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INNOVATION IN ENGINEERING COMPUTATIONAL TECHNOLOGY
Edited by: B.H.V. Topping, G. Montero, R. Montenegro
Computational Investigation of Confined Turbulent Swirling Flows Exhibiting Vortex Breakdown
A.C. Benim*, A. Nahavandi* and K.J. Syed+
*Department of Mechanical and Process Engineering, Düsseldorf University of Applied Sciences, Germany
A.C. Benim, A. Nahavandi, K.J. Syed, "Computational Investigation of Confined Turbulent Swirling Flows Exhibiting Vortex Breakdown", in B.H.V. Topping, G. Montero, R. Montenegro, (Editors), "Innovation in Engineering Computational Technology", Saxe-Coburg Publications, Stirlingshire, UK, Chapter 12, pp 247-268, 2006. doi:10.4203/csets.15.12
Keywords: turbulent swirling flows, turbulence modelling, URANS, RSM, LES, DES.
Owing to their importance in a broad range of applications, swirling flows have been the subject of intensive experimental, analytical and numerical investigations over many years [1,2,3,4,5,6,7]. The application of swirling flow in industrial gas turbine combustors is of particular interest to the current work. Lean, premixed, dry, low emission combustors exhibit flows that can be substantially different from non-premixed ones, due to a significantly larger degree of swirl acquired by the flow.
A vortex breakdown recirculation zone along the swirl axis can be seen as an abrupt transition between an upstream super-critical flow and a downstream sub-critical flow . The criticality of the swirling flow describes whether the axial flow velocity exceeds the relative phase velocity of upstream-directed inertia waves (super-critical flow) or vice versa (sub-critical flow). The influence of the downstream conditions can hence be transmitted upstream where the flow is sub-critical, but only affects the local flow at the exit where it is super-critical.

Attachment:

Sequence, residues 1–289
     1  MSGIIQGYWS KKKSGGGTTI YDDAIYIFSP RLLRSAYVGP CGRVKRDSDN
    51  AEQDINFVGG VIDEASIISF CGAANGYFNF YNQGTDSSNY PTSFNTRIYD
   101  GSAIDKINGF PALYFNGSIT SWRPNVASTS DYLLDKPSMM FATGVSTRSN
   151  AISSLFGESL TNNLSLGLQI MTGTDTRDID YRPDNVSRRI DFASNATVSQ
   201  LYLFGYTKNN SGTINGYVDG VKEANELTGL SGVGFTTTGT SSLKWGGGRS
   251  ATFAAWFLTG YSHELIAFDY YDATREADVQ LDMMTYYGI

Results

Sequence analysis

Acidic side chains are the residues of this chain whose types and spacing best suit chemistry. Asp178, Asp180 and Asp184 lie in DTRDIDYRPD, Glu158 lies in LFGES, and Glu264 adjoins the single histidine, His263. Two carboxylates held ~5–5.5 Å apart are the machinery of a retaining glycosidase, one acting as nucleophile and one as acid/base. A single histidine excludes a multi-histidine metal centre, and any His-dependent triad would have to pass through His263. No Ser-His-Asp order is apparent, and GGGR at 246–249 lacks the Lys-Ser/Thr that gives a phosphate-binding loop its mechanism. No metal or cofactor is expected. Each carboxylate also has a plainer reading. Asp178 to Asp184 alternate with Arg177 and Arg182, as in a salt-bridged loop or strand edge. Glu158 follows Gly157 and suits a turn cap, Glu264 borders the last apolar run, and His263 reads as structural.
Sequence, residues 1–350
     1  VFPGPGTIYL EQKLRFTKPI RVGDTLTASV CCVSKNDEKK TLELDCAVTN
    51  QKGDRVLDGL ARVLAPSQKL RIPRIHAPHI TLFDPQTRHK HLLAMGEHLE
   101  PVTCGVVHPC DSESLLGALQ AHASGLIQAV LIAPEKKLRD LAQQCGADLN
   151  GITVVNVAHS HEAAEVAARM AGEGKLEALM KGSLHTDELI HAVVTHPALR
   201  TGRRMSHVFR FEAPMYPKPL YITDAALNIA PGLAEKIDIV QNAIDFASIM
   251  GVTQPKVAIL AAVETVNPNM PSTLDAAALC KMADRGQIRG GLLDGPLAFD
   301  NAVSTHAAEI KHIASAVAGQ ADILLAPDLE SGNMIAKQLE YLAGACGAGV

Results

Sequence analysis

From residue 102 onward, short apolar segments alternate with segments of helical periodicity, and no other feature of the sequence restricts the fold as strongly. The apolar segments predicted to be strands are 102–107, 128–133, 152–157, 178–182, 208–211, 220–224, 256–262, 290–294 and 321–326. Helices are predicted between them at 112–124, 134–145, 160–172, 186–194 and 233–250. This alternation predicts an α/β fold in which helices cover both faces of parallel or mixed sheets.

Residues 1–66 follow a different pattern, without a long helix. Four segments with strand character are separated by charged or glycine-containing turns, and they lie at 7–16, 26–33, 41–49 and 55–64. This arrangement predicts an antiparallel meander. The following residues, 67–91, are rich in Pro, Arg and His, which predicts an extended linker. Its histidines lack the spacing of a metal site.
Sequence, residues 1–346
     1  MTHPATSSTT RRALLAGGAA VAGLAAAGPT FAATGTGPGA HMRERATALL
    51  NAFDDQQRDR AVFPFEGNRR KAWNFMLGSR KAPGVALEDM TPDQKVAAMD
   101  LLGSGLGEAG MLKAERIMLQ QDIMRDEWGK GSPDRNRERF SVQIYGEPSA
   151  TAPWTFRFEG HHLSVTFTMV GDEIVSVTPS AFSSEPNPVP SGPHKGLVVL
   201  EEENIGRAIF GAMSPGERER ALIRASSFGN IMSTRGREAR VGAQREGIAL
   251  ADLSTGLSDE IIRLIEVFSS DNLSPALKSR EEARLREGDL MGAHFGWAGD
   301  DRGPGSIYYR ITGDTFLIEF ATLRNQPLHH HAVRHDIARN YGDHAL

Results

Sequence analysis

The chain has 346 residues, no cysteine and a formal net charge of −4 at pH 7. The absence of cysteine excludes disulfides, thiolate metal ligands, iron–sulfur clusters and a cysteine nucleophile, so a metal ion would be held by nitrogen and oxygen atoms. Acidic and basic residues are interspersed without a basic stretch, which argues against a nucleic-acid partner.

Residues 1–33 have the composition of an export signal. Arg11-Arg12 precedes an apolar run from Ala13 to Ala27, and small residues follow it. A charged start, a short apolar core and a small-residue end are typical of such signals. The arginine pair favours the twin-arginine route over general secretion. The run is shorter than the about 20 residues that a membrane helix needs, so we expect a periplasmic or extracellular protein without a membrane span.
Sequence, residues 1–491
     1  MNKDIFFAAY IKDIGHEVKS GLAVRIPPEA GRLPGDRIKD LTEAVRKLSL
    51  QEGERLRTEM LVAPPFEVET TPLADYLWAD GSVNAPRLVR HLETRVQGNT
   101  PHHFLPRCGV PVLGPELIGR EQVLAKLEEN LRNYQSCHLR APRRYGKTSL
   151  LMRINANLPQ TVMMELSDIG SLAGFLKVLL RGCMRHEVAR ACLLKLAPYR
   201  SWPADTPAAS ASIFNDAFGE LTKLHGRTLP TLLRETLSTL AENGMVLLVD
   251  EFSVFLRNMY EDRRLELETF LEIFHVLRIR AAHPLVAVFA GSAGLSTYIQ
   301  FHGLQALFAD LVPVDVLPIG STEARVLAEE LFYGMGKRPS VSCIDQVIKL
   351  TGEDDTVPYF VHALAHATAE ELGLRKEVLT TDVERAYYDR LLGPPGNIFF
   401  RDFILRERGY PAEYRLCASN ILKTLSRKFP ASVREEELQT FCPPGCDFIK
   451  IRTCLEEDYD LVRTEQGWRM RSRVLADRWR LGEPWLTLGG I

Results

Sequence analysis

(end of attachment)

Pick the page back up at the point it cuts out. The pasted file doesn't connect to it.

Although many analytical and numerical investigations have been conducted to address vortex breakdown and the criticality of the vortex core in confined turbulent flows [1,2,3,4,5,6,7] much of this work is based upon simplifying assumptions such as inviscid flow and axisymmetry. These studies have revealed much about the behaviour of vortical flows but they fall short of delivering quantitative information that can be used in the design of combustors. Only a CFD-based approach that deals with turbulence heat release and the complexities of the geometry can address the key details relevant to the state of the vortex core. CFD suffers, however, from numerical errors due to flow and geometry complexities and practical grid resolution and the need for physical models for combustion and turbulence. Thus, if CFD methods are to be used effectively in the design of swirl combustor, validation is required to understand the impact of the numerical and modelling deficiencies. This is the scope of the present study.
The present work aims to provide a detailed validation of a broad range of advanced turbulence modelling strategies for this bracket of flows problems. For validating the results, the experimental data of Escudier and Keller is  utilised, which is obtained at a water-test rig, for flows exhibiting similar characteristics to those typically encountered in gas turbine combustors.
The analysis is based on the commercial general-purpose CFD code ANSYS-CFX . For modelling the turbulence, the Reynolds stress model-based (RSM) , unsteady Reynolds averaged numerical simulations (URANS), large eddy simulations (LES)  and detached eddy simulations (DES)  approaches are adopted. It is observed that better results are obtained using the RSM based URANS approach. DES is also observed to perform better than LES. The rather unsatisfactory performance of LES may be attributed to inaccuracies in formulating the boundary conditions, and/or because there was too coarse a cut-off scale for the simple sub-grid model adopted. Although the present work shows that remarkable improvements can be achieved compared with traditional RANS-based approaches, comparisons between the predictions and the measurements indicate that further improvements are necessary in order to achieve a satisfactory predictive capability for turbulent swirling flows.
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